District Court Finds Political Attack Video Uploaded to YouTube Not a Commercial Use of the RON PAUL Mark; Denies Motion for Expedited Discovery
Jessica McKinney | Bloomberg Law
In a lawsuit brought by the Ron Paul 2012 Presidential Campaign Committee, Inc. against John Doe defendants who allegedly uploaded a video on YouTube that attacks former Republican primary nominee Jon Huntsman and ends with the text “American Values and Liberty—Vote Ron Paul,” the U.S. District Court for the Northern District of California denied plaintiff’s motion for expedited discovery. The court concluded that, no matter which test for expedited discovery was applied, plaintiff failed to meet the common requirement of establishing that its Lanham Act claims could survive a motion to dismiss. Specifically, plaintiff failed to show that defendants’ use of the RON PAUL trademark was commercial in nature.
Political Attack Video Uploaded on YouTube by Anonymous Defendants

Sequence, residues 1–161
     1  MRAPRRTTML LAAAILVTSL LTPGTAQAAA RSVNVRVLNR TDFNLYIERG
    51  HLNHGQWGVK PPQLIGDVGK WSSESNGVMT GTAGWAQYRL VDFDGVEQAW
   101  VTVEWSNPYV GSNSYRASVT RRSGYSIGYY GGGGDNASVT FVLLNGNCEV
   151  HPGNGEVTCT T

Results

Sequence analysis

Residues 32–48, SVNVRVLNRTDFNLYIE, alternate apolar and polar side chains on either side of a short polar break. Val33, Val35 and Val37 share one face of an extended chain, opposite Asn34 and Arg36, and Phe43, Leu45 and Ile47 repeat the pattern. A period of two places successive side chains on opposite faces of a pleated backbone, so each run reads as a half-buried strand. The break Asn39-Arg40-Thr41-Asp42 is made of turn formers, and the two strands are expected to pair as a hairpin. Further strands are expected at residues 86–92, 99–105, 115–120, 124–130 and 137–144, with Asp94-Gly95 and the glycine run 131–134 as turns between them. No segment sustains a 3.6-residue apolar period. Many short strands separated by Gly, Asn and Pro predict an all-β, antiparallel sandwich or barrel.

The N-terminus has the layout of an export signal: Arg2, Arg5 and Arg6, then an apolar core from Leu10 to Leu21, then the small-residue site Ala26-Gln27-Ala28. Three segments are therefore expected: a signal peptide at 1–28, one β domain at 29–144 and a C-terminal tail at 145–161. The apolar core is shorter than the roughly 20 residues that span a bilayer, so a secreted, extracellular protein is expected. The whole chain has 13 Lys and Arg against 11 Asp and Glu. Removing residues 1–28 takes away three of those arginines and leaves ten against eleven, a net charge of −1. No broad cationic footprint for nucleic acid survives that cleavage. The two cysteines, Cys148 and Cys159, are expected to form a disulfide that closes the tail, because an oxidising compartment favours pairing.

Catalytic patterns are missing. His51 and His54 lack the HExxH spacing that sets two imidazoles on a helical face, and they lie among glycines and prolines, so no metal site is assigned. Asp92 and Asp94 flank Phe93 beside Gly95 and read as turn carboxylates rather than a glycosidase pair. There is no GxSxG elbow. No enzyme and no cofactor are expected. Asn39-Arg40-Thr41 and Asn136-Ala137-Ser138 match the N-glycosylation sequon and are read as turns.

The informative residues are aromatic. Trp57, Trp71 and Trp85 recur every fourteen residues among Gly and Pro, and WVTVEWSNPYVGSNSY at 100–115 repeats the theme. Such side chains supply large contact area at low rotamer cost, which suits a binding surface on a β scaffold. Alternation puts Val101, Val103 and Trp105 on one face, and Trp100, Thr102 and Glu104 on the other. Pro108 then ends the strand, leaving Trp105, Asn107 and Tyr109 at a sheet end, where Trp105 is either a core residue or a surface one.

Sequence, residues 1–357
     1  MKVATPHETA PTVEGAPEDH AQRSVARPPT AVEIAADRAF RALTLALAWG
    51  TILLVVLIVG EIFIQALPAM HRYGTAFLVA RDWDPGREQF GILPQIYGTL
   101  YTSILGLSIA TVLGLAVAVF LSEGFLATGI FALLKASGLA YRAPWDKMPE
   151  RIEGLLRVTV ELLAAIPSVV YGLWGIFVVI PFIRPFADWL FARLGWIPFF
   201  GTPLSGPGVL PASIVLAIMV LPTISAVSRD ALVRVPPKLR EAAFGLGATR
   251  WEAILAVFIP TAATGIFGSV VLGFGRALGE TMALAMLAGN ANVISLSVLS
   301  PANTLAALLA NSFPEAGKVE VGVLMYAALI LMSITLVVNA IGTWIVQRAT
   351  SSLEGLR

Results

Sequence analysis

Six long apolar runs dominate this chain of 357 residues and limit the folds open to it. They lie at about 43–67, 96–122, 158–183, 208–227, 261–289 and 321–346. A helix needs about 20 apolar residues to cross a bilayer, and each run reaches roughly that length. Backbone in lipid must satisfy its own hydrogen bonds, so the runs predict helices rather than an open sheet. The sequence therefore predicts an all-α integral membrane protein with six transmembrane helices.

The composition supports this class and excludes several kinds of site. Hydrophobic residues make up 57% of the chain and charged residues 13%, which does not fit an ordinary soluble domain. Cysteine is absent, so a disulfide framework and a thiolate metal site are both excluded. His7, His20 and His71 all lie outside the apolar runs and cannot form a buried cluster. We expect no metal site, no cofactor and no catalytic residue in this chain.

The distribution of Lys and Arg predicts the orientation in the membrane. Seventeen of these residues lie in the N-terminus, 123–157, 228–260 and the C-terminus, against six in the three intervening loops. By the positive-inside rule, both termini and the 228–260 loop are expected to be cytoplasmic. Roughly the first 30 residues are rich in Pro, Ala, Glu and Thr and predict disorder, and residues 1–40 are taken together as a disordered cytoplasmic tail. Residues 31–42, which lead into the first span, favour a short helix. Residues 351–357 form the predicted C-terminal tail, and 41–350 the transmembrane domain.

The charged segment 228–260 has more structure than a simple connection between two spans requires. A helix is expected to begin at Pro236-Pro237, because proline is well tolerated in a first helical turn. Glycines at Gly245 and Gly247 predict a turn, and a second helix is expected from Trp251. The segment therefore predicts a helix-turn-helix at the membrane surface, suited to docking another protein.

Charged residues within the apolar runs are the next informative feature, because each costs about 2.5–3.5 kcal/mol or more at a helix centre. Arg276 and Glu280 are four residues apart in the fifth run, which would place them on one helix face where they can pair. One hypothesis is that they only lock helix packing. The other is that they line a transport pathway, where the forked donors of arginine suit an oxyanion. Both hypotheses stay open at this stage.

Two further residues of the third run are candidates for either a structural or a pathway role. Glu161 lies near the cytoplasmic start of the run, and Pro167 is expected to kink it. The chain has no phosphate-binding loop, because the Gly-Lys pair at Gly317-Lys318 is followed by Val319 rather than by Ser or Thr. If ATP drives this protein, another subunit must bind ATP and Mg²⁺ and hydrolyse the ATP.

Plaintiff alleged that on January 4, 2012, the Doe defendants—using the pseudonym “NHLiberty4Paul”—uploaded a video on YouTube, entitled “Jon Huntsman’s Values,” from a Twitter account. Ron Paul at 1. According to the complaint, the video begins by displaying the text “Jon Huntsman – American Values? / The Manchurian Candidate – What’s He Hiding?”, followed by Huntsman (who was a former ambassador to China) speaking to his adopted daughter in Mandarin. Ron Paul 2012 Presidential Campaign Committee, Inc. v. Does, No. 12-CV-00240, Complaint, at 4 (N.D. Cal. Jan. 13, 2012). The video questions whether Huntsman is “weak on China,” his religious faith, whether his daughters are “even adopted,” and refers to him as “China Jon.” Id. The video concludes “with a fictitious depiction of Mr. Huntsman in a Mao Zedong uniform and the text ‘American Values and Liberty – Vote Ron Paul.’” Id.